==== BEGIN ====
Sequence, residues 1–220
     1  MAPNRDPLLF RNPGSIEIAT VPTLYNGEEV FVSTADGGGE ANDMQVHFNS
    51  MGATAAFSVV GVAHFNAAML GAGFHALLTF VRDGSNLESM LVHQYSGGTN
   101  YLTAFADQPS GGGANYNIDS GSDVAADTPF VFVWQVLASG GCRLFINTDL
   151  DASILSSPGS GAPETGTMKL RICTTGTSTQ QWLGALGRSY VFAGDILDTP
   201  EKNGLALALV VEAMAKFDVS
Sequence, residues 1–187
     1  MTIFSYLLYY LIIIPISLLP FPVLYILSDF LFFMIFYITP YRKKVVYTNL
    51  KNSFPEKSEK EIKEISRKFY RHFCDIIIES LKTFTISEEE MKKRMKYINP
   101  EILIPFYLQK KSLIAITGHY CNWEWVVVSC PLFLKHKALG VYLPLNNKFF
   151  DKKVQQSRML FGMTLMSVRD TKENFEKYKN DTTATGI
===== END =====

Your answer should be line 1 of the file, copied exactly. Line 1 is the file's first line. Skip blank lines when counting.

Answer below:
Sequence, residues 1–220